Last year President Barack Obama traveled to my home state of Tennessee for what Politico dubbed an “Obamacare victory lap.”
The president visited an elementary school in Nashville for a speaking event closed to the general public, where he touted the supposed successes of his signature healthcare law and answered a few questions on Twitter (he must not have seen mine).
The president assured Tennesseans that Obamacare is working – we’re just all apparently not smart enough to realize it.
“It's important to remember that everybody who has health insurance benefitted and continues to benefit from this law, even though a lot of folks don't know it,” he said at the time.
(AP Photo/Carolyn Kaster)
The president’s words were eloquent, as usual. The only problem is that, a year later, we know that just about everything he said turned out to be untrue.
Let’s go point-by-point:
During his remarks, President Obama said “We now have about 166,000 Tennesseans who have health care who didn’t have it before.”
The president’s claims were misleading even back then. In 2013, for example, more than 28,000 Tennesseans lost their health insurance in a single day as a direct result of the healthcare law.
Now, however, that statement has become an outright falsehood. Months after the president’s visit, Tennessee’s Obamacare co-op went belly up, leaving nearly 30,000 people in a lurch. That pales in comparison to this week’s news that BlueCross BlueShield of Tennessee will exit the Obamacare marketplace in three regions of our state next year, sending more than 100,000 Tennesseans into the search for a new insurance plan.
In the same speech that day, President Obama said “Health care costs have been held – the inflation on health care costs have actually proved to be the lowest – since the Affordable Care Act passed – in the last 50 years. So we're actually seeing less health care inflation.”
In reality, the largest insurer in my state raised insurance rates by 62 percent this year, and 36 percent the year prior – a far cry from President Obama’s original promise to “cut the cost of a typical family's premium by up to $2,500 a year."
The president further stated that, “Through the Affordable Care Act exchange plan, there is enormous choice of plans.”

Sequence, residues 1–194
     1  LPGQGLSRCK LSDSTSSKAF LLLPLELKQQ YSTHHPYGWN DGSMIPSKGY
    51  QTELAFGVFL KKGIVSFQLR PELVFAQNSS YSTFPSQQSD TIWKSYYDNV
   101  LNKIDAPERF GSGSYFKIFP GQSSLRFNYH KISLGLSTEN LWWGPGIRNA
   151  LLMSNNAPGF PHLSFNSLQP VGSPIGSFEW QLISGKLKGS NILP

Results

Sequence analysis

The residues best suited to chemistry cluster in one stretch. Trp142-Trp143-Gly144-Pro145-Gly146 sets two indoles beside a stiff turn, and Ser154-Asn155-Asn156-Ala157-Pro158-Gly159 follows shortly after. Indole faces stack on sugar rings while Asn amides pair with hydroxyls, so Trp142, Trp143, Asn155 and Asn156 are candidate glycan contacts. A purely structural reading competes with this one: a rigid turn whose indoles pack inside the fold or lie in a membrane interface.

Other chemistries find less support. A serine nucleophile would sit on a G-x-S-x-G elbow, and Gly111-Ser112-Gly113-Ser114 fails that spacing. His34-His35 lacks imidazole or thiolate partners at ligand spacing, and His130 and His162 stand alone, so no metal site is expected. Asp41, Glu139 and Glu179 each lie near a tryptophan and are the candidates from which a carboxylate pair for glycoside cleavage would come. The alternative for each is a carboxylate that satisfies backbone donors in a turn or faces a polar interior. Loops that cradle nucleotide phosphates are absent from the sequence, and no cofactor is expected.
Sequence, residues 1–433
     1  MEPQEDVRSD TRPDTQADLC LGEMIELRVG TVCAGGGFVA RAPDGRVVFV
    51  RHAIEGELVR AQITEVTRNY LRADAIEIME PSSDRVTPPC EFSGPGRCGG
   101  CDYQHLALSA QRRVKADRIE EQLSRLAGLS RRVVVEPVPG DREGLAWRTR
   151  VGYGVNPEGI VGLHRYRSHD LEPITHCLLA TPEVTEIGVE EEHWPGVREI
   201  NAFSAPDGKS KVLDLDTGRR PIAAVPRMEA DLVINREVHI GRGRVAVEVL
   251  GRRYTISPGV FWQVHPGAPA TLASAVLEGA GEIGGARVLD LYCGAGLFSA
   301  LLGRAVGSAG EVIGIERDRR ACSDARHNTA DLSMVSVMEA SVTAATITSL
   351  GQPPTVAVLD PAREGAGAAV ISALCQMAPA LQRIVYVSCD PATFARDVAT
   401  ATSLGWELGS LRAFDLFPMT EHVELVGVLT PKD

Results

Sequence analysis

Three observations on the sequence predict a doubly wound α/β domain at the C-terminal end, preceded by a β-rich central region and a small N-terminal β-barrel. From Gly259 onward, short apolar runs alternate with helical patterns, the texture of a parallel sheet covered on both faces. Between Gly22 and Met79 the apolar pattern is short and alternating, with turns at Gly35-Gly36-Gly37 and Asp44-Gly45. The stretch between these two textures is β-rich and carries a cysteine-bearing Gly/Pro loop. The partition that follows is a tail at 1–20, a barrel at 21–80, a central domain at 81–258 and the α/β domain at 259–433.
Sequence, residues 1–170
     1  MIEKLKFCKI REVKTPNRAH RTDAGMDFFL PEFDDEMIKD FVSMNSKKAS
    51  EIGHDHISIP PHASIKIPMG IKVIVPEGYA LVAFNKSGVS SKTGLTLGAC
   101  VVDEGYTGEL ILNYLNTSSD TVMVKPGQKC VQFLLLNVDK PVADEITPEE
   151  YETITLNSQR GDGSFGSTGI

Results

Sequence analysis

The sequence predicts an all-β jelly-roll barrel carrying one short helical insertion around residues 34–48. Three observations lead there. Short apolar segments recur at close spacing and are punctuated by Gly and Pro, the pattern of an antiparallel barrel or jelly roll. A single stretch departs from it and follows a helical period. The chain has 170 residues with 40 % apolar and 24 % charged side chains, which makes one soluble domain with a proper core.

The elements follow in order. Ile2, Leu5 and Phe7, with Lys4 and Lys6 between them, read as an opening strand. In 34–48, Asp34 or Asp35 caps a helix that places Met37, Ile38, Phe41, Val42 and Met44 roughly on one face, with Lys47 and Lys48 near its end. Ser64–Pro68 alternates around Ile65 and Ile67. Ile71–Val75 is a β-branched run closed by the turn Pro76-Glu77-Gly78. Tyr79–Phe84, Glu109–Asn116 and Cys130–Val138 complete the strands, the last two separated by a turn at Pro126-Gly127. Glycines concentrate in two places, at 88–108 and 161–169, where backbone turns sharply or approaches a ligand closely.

Wrong again. Today there are 73 counties in Tennessee with only one insurance option on the Obamacare exchange.
In light of all these untruths and more, I would like to send President Obama a formal invitation to come back to my state – this time for an apology tour, rather than a “victory lap.”
If the President thinks Tennessee was an appropriate destination to brag about his healthcare law back then, it should also make a suitable location to finally own up to the shortcomings of Obamacare today.
With Tennessee’s Obamacare marketplace labeled as “very near collapse,” premiums on the rise, and our roster of available insurers in freefall, my constituents deserve some follow-up from the president who promised them it wouldn’t be this way.
Despite his deceptions and fuzzy math, the president did say something during his visit last year that I can agree with: “If folks have better ideas, you should accept them.”
Indeed, my conservative colleagues and I have offered ideas on health reform all along. Most recently, we compiled these proposals into a comprehensive plan that we are calling a “Better Way” for health reform; a substantive, 37-page policy agenda covering everything from medical malpractice reform, to maintaining guaranteed coverage for those with pre-existing conditions, to spurring competition by allowing the sale of health insurance across state lines.
If the president makes the trip to Tennessee, I’ll be on the tarmac waiting to present him with his very own copy of our plan – because after all the failures of Obamacare, it’s past time he took his own advice.
Congressman Diane Black is a registered nurse representing Tennessee’s 6th District. She serves on the House Ways and Means Committee and Budget Committee.
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